Second story awning windows first.

New Marvin Ultimate solid wood windows.

This was quite a project but it ended up going very smoothly; thanks to some very good help.

Three years ago we replaced the downstairs windows and we liked them so much that we decided to replace the upstairs windows next.

This house was built in 1952 but the upstairs was expanded 20 years later. So these windows were much newer than the last batch (except for one). Even so, the wood trim on the inside was badly water stained and deteriorating. And the outside needed to be scraped and painted every couple years, so it was time ...

Click on images to enlarge

Click here for more ...

Picture window unit.
Picture window -- old window out
Picture window unit installed.
Picture window installed
(See the new upstairs window as well).

August 2021: Cecropia Moths Spin up for the winter:

Cecropia cocoons
Cecropia Cocoon on Black Cherry

August 11, 2021 Cecropia have spun up for winter (three out of four).

The 2021 season for Cecropia has been marked by warm, dry weather. I think this is why they have spun up their cocoons a little early (except for one).

I have raised my caterpillars (cats) exclusevely on Black Cherry this year. The Black Walnut in my back yard have gotten too tall.

Left: Newly spun-up cocoon on black cherry.

Lower Left: I ran out of leaves on the lower branches of this black cherry tree so I had to climb on my wood pile to relocate the bags. I'm glad this was the last time I had to move these.

Bottom right: Another coccon along with the one remaining caterpiller (arrow shows its feet holding on to the branch).

Click on images to enlarge

Click here for more details on 2021 Cecropia season.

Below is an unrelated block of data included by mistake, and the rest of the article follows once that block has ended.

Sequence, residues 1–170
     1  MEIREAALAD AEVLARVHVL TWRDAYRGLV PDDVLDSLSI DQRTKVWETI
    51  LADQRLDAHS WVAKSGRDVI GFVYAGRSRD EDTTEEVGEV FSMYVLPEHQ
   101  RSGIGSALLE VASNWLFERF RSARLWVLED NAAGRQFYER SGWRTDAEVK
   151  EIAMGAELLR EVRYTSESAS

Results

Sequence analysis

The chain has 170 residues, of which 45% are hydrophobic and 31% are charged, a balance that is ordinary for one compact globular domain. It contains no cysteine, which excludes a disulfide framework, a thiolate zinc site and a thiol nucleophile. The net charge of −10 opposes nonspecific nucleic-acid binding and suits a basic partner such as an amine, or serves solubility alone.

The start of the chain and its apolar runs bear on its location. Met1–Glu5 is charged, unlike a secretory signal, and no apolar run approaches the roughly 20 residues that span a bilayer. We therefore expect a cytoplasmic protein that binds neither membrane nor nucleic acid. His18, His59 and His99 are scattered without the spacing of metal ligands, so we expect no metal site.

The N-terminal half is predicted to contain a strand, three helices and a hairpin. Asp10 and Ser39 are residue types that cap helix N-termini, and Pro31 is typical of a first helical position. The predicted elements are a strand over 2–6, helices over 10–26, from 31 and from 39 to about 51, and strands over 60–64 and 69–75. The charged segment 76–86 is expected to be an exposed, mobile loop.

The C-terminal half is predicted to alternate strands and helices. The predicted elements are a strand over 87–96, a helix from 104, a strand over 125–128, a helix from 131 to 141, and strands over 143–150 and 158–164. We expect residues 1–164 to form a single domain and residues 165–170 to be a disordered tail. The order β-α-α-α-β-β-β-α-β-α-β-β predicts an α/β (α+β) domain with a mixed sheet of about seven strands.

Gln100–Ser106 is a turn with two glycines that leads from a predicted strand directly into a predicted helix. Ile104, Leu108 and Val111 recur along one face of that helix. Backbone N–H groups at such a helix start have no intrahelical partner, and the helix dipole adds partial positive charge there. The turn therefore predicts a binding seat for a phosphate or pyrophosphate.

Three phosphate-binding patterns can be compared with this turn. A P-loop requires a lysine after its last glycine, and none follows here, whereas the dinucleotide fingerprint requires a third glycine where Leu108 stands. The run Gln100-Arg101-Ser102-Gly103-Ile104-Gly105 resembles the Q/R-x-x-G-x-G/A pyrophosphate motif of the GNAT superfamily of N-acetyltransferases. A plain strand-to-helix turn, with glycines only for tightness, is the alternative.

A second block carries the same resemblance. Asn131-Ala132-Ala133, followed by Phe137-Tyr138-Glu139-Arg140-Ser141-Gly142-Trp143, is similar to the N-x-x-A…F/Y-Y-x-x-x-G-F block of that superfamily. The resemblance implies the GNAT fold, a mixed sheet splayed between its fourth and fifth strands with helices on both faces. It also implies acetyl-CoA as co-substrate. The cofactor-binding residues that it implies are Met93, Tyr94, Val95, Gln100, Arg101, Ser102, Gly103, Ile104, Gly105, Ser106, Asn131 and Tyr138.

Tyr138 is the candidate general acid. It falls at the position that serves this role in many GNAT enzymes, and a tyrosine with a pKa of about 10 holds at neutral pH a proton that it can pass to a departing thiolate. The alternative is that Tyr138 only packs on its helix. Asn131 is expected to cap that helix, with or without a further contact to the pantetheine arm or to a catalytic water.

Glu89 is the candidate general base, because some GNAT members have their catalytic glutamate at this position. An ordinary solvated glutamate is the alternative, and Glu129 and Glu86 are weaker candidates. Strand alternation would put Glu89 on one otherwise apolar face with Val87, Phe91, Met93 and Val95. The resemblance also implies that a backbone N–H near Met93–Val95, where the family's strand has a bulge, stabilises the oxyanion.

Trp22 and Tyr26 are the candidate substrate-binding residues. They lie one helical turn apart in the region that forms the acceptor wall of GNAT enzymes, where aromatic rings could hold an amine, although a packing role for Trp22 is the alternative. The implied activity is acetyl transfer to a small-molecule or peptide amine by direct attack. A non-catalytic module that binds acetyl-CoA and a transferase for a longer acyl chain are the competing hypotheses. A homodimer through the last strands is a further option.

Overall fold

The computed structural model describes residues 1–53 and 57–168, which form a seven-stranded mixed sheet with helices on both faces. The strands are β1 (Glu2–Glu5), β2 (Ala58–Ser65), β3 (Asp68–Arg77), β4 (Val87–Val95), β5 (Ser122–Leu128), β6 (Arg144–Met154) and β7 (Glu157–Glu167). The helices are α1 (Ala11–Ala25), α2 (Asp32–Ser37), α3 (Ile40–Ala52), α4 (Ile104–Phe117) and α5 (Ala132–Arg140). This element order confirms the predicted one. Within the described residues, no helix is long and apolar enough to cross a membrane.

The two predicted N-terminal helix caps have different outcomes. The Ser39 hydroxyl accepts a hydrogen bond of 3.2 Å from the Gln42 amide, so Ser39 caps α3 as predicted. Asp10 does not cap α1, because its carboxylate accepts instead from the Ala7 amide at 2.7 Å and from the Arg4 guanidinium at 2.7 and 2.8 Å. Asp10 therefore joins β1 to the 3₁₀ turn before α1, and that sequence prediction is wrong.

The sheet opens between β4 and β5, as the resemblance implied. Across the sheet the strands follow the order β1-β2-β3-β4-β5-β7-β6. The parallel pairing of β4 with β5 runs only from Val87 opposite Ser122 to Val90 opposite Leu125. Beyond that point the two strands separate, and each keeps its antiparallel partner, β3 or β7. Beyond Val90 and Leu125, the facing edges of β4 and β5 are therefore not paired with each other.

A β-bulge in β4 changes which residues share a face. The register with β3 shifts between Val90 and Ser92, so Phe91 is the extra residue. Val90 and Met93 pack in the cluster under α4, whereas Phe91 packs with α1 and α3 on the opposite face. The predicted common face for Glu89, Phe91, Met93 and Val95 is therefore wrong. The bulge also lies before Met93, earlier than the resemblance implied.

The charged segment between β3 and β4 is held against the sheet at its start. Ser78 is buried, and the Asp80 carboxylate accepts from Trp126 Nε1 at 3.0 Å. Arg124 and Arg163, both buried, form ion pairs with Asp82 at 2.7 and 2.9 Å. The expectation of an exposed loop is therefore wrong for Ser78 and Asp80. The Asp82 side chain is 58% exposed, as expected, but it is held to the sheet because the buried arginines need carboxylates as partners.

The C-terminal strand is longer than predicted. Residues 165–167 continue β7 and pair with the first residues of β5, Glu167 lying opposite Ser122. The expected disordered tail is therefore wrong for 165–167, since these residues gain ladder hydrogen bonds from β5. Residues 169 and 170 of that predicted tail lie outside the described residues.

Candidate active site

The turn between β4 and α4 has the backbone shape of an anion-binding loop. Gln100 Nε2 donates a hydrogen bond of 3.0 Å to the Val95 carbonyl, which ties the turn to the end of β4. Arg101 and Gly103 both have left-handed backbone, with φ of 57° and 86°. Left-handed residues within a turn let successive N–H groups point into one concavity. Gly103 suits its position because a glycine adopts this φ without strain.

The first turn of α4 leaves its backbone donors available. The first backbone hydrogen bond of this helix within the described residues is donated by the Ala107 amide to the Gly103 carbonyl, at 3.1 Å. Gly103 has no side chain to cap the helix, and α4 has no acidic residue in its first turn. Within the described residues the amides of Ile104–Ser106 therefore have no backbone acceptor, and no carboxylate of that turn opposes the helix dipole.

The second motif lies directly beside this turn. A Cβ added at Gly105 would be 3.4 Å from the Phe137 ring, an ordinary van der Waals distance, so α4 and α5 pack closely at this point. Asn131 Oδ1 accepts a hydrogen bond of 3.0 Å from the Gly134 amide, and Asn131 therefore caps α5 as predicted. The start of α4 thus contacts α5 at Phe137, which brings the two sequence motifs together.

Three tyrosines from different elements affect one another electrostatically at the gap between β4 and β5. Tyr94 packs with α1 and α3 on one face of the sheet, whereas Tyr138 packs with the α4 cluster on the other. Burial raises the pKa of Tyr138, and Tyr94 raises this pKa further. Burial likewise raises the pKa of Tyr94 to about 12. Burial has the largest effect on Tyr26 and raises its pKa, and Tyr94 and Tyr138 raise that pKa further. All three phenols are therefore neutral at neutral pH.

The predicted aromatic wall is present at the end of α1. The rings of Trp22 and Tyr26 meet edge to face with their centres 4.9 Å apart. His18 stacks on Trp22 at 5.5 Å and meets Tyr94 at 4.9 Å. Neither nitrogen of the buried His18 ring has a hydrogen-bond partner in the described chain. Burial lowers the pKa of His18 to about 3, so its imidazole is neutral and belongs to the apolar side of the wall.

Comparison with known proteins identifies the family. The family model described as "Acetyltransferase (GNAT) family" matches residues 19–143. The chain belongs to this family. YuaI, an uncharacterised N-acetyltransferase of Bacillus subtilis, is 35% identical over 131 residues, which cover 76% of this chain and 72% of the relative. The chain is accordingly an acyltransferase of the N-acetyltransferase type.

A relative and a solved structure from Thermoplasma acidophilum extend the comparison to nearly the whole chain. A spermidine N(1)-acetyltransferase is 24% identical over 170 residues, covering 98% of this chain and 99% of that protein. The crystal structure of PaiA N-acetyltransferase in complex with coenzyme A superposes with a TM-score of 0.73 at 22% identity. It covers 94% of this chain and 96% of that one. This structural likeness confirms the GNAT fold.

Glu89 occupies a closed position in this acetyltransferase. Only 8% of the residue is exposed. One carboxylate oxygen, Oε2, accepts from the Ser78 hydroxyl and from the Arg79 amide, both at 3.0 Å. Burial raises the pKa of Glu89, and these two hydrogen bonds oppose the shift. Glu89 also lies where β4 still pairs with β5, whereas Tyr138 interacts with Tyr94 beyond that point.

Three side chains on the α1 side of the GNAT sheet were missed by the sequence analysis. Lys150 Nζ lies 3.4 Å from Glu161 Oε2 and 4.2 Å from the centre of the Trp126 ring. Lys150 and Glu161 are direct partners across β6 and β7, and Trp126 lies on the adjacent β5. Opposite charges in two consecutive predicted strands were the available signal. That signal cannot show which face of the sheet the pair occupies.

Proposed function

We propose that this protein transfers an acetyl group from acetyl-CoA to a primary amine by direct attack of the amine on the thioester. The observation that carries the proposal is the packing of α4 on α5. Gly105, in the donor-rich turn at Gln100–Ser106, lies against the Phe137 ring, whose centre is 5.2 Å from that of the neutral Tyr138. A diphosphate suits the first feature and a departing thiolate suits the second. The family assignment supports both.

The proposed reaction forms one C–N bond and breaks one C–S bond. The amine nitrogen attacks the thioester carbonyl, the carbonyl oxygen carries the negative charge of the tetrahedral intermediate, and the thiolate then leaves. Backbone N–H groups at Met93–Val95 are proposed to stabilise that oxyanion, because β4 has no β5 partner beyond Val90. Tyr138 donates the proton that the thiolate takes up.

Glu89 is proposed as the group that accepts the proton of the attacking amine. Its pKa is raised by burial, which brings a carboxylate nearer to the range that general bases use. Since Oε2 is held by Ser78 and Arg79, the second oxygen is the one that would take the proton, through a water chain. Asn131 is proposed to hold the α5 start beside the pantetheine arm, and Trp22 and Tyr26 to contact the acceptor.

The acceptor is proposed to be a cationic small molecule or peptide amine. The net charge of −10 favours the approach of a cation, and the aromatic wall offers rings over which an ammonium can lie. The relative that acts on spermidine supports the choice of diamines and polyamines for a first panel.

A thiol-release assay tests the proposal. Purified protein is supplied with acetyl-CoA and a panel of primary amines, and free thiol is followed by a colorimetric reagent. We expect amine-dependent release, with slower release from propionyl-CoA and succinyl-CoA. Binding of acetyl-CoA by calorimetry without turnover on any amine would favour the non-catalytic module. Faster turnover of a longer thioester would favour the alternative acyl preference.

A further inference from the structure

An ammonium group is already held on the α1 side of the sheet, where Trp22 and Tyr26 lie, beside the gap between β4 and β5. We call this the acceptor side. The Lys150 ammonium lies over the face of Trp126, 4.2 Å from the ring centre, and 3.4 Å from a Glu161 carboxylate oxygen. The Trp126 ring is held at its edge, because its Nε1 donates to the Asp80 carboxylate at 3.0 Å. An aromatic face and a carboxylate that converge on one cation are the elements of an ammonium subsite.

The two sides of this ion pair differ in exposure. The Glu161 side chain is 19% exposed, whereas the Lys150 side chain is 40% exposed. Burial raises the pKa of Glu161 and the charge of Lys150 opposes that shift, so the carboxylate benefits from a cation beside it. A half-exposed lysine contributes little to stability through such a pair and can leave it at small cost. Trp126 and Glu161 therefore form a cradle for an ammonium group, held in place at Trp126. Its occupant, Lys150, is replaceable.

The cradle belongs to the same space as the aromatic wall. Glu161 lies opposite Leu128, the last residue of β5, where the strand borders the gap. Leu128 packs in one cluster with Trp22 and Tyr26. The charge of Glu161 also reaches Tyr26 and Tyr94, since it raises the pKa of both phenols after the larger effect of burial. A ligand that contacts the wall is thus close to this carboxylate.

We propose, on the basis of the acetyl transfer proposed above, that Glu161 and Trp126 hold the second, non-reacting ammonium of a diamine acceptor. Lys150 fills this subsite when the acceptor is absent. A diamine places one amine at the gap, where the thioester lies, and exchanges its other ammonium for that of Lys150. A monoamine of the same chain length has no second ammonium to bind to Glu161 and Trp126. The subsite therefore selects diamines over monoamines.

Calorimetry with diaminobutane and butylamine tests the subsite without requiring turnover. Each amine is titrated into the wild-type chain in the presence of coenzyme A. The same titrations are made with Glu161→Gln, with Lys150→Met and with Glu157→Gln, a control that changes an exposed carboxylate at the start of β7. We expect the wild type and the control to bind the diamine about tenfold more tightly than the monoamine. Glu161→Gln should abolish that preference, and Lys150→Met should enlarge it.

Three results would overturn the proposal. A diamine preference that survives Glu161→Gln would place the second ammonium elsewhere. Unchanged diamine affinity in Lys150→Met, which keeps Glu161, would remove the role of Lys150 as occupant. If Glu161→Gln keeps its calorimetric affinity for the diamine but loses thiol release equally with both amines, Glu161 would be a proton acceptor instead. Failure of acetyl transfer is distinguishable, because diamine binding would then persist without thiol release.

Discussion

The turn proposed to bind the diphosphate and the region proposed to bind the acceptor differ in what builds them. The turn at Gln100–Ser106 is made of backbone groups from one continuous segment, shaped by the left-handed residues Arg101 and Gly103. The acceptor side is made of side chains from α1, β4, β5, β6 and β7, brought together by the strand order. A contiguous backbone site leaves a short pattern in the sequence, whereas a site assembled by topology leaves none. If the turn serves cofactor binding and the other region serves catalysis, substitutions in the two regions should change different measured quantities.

Cecropia cocoons
The last move for this batch of caterpillars (whew)
Cecropia cocoons
Another cocoon (lower left)
And one cat still eating (upper right)

June 2021: Rain Barrels, etc.:

Rain Barrel Stand
Rain Barrel and Stand

Adding Rain Barrels to water deck plants and supply water for fountain.

I picked up a bunch of used deck lumber from my neighbor and put some of it to use in building this stand for a 'new' rain barrel. My existing rain barrels are behind the garage and require a fairly long hose to reach the deck.

The new barrel is next to the deck and mounted higher to give a faster flow for watering the pots located on the deck. It is also close enough to the fountain to run a short hose to a float valve on the resevoir to keep the fountain from running dry on windy days.

Note: overflow on barrel is from old washing machine -- this bigger hose is needed to handle overflow because I have no bypass on the gutter downspout.

deck plants
Plants on and around Deck
[Click to enlarge]

May 2021: More tree planting:

More Transplants
Stuart and a bucket of spruce & pine

Second round of re-establishing evergreens in blow-down forest.

In 2018 I planted 300 Pine and Spruce in the area north of the farmstead that we call 'The Windbreak'. This area was once a thriving windbreak but after some questionable logging practices and a couple good wind storm it has been reduced to a haven for underbrush and weeds. A good number of the trees I planted in 2018 have survived and many have even trived so I have order 300 more to hopefully add to the success.

100 Red Pine and 200 White Spruce (3-year) seedlings arrived on April 31 from the DNR (Griffith Nursery in Wisconsin Rapids). Lance and I planted these after having cleared much of the brush in the area in early April.

Click on image to enlarge

Click here for more detailes on this project.

April and May 2021: First try at grafting apple trees

First Graft
First attempt at grafting apple

Let's give this a try

I've never tried grafting apple trees. So far I've just been planting seeds to see what I come up with. This spring I thought I should give grafting a try.

I wandered over to my neighbor's -- we get Macintosh apples from him every fall -- and cut a bundle of 1st year water shoots from his trees.

Lance and I added grafting to our list of projects when we drove up to the farm to clear brush in April.

Click on image to enlarge